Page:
Eric Larsen and Ryan Waters becoming the first to complete a full expedition to the top of the world in over four years. But now the season has come to an abrupt end, as the support squad at Kenn Borek Air have shut down operations in the Arctic for another year. This has forced several teams to cancel their expeditions early, sending them home without achieving the objectives they had originally set out for.
We'll start with an update on Eric and Ryan. After spending 53 days skiing to the North Pole, the boys were extracted from the ice about a day and half after their arrival. Poor weather delayed the flight sent to retrieve them, but not for long. It gave the two men a chance to rest in their tent at last, and from the sounds of things, it was a whirlwind couple of days flying back to Cape Discovery, then on to Resolute Bay, where they packed gear, and prepared to go home. That happened yesterday, and from the sounds of things, both men are happy to be back with friends and family, and getting some much deserved rest. For now, they are content. Eric promises a recap of their North Pole expedition soon, which should make for interesting reading.
Elsewhere, the Expedition Hope team, which consists of Arctic explorers Bernice Notenboom, Eric Phillips, and Marten Hartley, are amongst those who have seen their adventures come to an end thanks to Kenn Borek pulling the plug. Yesterday was the last day for flights, and the team wasn't sure they could complete their journey with the amount of fuel and food that they have left. So, with heavy hearts, they were forced to abandon their attempt to ski from the North Pole to Cape Discovery. They were closing in on the 84th latitude when the decision was made.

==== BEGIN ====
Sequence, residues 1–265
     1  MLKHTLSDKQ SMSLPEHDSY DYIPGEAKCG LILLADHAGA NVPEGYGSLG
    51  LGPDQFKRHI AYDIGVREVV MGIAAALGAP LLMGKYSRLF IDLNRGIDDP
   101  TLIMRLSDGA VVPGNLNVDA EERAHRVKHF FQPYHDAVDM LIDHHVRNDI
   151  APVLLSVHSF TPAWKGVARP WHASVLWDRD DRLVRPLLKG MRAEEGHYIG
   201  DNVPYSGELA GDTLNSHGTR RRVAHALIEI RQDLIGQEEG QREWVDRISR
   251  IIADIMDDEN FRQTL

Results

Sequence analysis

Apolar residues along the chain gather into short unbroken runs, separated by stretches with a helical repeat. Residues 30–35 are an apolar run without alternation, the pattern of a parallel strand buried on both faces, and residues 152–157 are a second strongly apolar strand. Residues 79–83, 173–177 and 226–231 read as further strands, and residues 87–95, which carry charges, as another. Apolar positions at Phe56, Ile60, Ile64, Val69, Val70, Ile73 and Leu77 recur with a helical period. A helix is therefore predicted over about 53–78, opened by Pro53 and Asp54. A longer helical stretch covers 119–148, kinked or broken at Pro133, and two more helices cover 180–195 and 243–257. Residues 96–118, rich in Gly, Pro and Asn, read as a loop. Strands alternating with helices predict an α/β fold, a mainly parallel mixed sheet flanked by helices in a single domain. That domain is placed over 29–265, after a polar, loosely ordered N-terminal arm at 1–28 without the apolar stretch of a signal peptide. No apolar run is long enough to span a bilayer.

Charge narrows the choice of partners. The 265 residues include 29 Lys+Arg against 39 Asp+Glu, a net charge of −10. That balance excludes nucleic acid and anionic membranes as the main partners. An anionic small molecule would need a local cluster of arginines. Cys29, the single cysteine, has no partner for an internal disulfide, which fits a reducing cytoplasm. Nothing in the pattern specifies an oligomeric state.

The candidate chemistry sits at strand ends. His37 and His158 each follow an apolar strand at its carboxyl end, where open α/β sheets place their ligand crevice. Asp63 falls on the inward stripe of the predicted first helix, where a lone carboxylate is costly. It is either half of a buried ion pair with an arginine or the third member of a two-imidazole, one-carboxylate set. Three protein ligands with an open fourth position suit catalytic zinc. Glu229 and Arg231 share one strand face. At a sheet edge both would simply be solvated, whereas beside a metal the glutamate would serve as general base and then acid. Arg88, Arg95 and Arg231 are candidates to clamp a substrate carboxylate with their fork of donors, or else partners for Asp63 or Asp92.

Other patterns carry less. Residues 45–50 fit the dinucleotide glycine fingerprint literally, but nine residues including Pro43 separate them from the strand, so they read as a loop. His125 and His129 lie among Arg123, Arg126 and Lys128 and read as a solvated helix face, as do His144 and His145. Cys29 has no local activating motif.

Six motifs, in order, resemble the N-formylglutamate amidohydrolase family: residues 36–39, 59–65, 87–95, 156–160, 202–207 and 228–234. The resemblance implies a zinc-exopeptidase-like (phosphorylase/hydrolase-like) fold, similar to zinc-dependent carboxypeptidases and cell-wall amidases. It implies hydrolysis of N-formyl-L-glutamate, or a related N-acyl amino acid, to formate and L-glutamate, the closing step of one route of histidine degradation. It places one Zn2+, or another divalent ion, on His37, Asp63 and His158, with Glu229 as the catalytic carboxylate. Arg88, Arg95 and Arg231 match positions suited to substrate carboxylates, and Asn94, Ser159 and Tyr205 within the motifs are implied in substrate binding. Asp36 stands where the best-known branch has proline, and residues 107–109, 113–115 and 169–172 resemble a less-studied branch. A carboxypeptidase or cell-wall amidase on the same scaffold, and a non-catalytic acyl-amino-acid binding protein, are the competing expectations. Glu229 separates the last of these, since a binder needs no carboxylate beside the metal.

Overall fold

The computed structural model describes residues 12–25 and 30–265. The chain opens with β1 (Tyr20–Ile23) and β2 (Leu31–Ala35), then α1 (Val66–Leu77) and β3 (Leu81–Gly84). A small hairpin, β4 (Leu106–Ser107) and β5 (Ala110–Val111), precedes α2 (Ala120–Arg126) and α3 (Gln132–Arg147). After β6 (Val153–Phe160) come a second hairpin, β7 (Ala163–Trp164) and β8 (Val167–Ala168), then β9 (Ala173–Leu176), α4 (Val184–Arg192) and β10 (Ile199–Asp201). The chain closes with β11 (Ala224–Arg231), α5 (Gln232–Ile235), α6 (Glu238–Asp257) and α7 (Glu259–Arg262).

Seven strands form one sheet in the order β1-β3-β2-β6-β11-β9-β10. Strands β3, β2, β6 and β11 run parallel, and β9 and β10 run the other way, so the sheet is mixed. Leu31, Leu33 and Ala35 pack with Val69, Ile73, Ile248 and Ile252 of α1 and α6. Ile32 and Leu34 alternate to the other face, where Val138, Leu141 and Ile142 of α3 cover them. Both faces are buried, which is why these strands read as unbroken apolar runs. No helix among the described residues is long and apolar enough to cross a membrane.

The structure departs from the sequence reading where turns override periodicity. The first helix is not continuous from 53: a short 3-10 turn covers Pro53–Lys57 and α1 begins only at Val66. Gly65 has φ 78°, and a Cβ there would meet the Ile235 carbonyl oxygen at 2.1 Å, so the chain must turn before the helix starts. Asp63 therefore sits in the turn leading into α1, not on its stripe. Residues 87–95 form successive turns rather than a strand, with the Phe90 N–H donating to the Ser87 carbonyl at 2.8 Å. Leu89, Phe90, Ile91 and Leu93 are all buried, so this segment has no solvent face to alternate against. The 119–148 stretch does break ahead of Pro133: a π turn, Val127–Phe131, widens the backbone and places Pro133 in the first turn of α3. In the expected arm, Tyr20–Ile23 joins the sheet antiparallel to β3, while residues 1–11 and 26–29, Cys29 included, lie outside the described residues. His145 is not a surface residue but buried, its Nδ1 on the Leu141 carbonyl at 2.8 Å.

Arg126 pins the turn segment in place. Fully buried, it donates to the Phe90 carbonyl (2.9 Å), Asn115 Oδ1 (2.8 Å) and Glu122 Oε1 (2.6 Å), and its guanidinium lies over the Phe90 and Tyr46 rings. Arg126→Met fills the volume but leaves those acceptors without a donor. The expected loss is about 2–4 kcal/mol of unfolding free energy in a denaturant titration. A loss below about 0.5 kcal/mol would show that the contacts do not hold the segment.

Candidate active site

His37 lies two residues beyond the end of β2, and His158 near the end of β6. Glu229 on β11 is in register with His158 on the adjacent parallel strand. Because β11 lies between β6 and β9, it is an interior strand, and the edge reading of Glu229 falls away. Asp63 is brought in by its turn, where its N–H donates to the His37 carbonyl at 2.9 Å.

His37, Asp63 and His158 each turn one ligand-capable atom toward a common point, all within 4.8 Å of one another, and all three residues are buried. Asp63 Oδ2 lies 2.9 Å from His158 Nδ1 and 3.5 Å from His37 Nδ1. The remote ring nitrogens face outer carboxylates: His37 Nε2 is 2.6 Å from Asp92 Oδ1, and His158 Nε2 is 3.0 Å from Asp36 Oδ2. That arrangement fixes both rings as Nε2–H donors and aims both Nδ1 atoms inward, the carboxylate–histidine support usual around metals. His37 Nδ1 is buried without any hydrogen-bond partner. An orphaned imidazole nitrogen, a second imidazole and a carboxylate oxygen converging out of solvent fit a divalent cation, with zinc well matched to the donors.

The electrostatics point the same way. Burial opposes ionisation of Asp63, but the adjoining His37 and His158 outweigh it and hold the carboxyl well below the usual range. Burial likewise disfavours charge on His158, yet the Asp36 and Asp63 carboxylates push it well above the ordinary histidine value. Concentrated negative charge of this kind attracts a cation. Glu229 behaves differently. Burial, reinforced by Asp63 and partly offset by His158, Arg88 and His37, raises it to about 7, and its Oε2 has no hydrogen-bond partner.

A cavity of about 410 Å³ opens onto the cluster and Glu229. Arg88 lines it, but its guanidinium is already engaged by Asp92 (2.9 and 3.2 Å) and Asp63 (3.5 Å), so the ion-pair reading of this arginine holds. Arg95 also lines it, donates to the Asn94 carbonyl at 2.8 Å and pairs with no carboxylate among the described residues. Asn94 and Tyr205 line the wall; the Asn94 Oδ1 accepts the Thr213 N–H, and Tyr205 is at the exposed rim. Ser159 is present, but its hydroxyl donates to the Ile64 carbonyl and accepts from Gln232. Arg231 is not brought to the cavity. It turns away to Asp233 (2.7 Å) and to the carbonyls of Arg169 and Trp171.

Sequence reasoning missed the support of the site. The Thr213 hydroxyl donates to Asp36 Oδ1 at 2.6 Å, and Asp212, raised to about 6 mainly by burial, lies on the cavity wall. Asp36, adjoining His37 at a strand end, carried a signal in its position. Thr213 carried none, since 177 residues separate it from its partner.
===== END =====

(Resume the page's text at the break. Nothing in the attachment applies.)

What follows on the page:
Norwegian solo-skier Bengt Rotmo was making the same journey, and he will now be picked up once the weather permits as well. His home team tells ExWeb that the decision by Kenn Borek Air was made after they surveyed the ice while picking up Eric and Ryan last week. That survey indicated that it was becoming increasingly dangerous to attempt to land a plane on the frozen Arctic Ocean, and the company could no longer guarantee the safety of its clients should an emergency rescue need to take place. Yesterday, May 12, was set as the deadline for the final flights to retrieve the remaining explorers, weather permitting. They should all be picked up within a day or two.
Jumping across the Atlantic to Greenland, Dixie Dansercoer and Eric McNair-Landry have finally gotten the good weather they've been hoping for since the start of their expedition. They are attempting to circumnavigate the country by kite-ski, covering 5000 km (3100 miles) in the process. The expedition was expected to take 80 days to complete, but progress was greatly hampered for the first few weeks of the journey due to poor weather. Now, 34 days in, they have started to really pick up steam. Over the past few days, they've been able to over more than 150 km (93.2 miles) per day, which as you can guess, has left them elated. They're finally on the move, and the kites are proving effective. While they are still behind schedule, they are making up ground at the moment. Hopefully that will continue to be case.
I will continue to monitor the progress of the teams in Greenland, but the Arctic season is now over for another year. From the sounds of things, conditions up north are not good, and it'll be interesting to see how many teams can actually complete an expedition to the North Pole in the future. The latest climate reports don't paint a very rosy picture for things to come. Expeditions to our Poles are only going to continue to get more challenging.